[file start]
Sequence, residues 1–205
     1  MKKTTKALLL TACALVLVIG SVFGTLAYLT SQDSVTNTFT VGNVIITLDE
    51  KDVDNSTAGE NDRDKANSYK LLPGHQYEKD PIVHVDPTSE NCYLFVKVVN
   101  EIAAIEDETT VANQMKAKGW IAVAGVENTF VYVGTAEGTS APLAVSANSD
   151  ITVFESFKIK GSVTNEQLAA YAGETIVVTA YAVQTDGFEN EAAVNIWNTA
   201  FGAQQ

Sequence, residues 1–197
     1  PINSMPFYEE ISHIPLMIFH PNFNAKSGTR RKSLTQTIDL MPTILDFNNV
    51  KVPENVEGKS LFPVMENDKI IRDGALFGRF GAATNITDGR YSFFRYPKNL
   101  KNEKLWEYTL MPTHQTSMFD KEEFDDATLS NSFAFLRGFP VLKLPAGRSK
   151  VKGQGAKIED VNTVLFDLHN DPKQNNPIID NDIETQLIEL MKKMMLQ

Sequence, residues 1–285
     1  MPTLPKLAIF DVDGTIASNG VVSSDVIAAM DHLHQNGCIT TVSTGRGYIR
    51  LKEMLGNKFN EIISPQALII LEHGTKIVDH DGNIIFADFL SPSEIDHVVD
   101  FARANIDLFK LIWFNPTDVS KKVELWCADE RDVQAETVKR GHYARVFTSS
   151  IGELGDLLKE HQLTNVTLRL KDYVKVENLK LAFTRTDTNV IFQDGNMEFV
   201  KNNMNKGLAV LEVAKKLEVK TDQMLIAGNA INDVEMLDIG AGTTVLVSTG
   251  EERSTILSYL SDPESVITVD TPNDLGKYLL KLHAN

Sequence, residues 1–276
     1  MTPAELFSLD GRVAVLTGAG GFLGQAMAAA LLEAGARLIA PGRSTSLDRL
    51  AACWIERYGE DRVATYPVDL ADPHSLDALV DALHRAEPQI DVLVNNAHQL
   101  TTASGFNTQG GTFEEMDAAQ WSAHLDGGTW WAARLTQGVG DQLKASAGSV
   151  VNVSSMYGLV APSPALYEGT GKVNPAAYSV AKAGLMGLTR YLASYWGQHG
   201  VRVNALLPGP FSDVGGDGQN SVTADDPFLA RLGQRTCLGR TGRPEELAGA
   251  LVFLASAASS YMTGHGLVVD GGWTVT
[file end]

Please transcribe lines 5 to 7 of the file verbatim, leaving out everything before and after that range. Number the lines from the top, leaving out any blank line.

   151  ITVFESFKIK GSVTNEQLAA YAGETIVVTA YAVQTDGFEN EAAVNIWNTA
   201  FGAQQ

Sequence, residues 1–197